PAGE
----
Unbeknown to the producing team, Raiff had not written a single page when they first met. He sold them on the concept of an endearingly adrift young man who excels at animating other people’s parties, but has no idea how to get his own life started.

“Cooper is incredibly observant. He notices tiny details that nobody else does about someone’s personality or body language,” said Johnson of what enticed her to co-produce the film and co-star with Raiff. “I find that to be a really valuable trait when someone’s making a movie.”

Soon after the movie’s world premiere in January, it was announced that Apple had secured worldwide distribution rights. “Cooper captured our imagination at Sundance with his screenplay about the beauty of relationships in all their guises,” said Matt Dentler, head of features at Apple Original Films, in an email.

Both of Raiff’s feature screenplays thus far have focused on transitional instances in his protagonists’ (and his own) nascent understanding of self-determination.

“Change is a good way to say something about people,” Raiff said. “With my first film I wanted to talk about the pain of leaving home and growing up. And ‘Cha Cha’ is about how your twenties are this time, if you’re lucky enough, where you can figure out who you are.”

Pondering when he felt his own inner fête had finally begun, Raiff revealed it happened when he decided to take charge of his conflicted emotions toward his parents.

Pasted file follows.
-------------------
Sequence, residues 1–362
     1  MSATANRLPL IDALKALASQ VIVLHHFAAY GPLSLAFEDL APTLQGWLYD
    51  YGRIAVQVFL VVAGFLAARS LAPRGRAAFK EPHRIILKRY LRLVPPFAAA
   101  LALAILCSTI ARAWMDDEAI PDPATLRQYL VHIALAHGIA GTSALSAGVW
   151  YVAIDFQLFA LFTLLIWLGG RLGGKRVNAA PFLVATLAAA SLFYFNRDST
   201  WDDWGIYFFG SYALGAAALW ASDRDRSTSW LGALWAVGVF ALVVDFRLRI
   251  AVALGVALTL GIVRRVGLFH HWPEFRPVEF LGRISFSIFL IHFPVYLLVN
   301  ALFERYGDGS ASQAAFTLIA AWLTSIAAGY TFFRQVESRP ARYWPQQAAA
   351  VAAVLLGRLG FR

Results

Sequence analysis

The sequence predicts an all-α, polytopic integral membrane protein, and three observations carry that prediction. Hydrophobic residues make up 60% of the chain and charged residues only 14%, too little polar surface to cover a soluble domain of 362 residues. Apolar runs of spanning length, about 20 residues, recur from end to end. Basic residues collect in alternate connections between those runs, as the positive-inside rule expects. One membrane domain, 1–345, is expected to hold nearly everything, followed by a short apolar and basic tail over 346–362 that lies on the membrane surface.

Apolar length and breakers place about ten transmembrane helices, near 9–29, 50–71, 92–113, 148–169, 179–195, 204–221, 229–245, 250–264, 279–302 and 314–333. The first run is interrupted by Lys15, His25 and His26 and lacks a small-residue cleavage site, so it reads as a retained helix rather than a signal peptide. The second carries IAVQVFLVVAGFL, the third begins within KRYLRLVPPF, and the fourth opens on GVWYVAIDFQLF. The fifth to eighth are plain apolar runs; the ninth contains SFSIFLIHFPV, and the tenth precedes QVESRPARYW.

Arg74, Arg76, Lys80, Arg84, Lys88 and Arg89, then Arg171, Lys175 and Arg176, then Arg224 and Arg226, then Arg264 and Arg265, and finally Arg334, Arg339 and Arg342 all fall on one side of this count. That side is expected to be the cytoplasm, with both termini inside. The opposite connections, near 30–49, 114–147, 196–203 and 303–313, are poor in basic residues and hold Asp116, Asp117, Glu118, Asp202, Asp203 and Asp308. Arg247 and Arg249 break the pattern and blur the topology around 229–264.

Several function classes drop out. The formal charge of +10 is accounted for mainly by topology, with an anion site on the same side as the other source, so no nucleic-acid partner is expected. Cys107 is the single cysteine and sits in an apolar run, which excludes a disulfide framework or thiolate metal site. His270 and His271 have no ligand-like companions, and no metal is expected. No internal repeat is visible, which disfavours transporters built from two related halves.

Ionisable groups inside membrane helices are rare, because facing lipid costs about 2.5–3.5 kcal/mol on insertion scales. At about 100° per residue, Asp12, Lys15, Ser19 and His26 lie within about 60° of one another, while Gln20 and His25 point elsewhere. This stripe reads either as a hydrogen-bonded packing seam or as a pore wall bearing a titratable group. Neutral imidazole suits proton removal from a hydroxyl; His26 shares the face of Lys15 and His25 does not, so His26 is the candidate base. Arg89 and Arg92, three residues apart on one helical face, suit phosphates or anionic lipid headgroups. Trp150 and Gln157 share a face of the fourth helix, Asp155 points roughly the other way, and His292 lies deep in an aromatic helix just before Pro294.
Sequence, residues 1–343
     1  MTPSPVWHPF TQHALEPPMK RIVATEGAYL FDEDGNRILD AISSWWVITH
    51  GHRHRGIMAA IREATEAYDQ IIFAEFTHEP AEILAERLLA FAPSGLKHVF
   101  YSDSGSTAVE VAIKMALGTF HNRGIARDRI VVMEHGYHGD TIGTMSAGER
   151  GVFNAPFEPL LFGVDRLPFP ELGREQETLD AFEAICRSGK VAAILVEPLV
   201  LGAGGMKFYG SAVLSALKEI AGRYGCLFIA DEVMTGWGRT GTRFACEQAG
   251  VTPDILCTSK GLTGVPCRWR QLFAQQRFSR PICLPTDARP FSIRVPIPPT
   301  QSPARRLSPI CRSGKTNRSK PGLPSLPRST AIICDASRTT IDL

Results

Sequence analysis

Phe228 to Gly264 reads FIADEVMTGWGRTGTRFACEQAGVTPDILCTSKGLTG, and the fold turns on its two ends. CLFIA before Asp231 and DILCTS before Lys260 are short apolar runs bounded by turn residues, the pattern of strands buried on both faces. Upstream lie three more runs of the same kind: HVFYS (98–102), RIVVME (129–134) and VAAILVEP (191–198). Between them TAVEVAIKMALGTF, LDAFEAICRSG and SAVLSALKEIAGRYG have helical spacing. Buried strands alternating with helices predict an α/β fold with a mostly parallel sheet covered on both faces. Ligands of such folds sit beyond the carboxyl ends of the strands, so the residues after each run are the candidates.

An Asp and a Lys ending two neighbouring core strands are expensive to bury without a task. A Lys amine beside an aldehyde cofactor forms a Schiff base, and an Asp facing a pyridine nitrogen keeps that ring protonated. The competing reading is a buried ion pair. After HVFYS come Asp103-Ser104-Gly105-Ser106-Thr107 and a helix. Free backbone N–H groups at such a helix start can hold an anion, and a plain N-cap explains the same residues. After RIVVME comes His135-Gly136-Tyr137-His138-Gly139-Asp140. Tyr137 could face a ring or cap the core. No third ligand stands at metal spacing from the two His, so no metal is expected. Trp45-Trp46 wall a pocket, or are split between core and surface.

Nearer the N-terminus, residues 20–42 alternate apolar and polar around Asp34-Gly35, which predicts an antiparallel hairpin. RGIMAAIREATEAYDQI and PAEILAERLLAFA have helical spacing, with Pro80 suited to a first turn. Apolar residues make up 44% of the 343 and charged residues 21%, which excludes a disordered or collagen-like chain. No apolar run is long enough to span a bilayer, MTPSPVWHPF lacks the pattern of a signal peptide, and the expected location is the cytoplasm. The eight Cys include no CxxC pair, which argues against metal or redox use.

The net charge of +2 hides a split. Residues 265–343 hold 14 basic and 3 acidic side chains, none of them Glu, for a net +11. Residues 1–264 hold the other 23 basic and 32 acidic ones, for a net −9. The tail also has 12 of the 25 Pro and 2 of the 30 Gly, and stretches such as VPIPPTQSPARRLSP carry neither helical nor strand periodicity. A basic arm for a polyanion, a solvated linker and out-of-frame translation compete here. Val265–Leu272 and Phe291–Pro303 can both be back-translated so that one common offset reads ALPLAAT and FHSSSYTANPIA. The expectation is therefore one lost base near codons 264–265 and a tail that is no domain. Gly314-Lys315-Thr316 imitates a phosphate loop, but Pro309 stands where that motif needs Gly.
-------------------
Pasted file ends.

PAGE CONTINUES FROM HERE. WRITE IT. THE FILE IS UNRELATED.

“My party started when I sat my butt in therapy like a month and a half ago,” he said. “I made a movie about what your twenties are supposed to be for, but had no idea what they should be for. It was easy to make that movie because it didn’t ultimately give an answer.”

Having now amassed enough security in his directing abilities, Raiff is cautiously optimistic about where he is today, personally and professionally.

“Directing is now the thing I love most, almost more than writing. Even if I feel very inexperienced at it because I’ve only done it for a total of 40 days,” he said with a laugh.

With that in mind, I asked him when or how he considers one reaches adulthood? “When you figure out who you are, that’s when you become an adult. When you can take responsibility for yourself and others,” he said, and proceeded to pull out his phone to search for a quote about maturity by a character in the film “Lars and the Real Girl.” It reads:

“There’s still a kid inside but you grow up when you decide to do right, OK? And not what’s right for you, what’s right for everybody, even when it hurts.”

Raiff’s next outing, a based-on-a-true-story father-son saga set in the world of hockey, will continue to address the interpersonal dynamics of asserting oneself. But he’s taking things slow, making time to find fulfillment away from set: around loved ones or alone writing.

“When ‘Cha Cha’ did well, the first feeling that I had was relief — I’m going to be able to make another movie,” he recalled. “That feels like the success that I do get something out of, because I know that for the next, however long, I’m going to feel comfortable doing what I love to do.”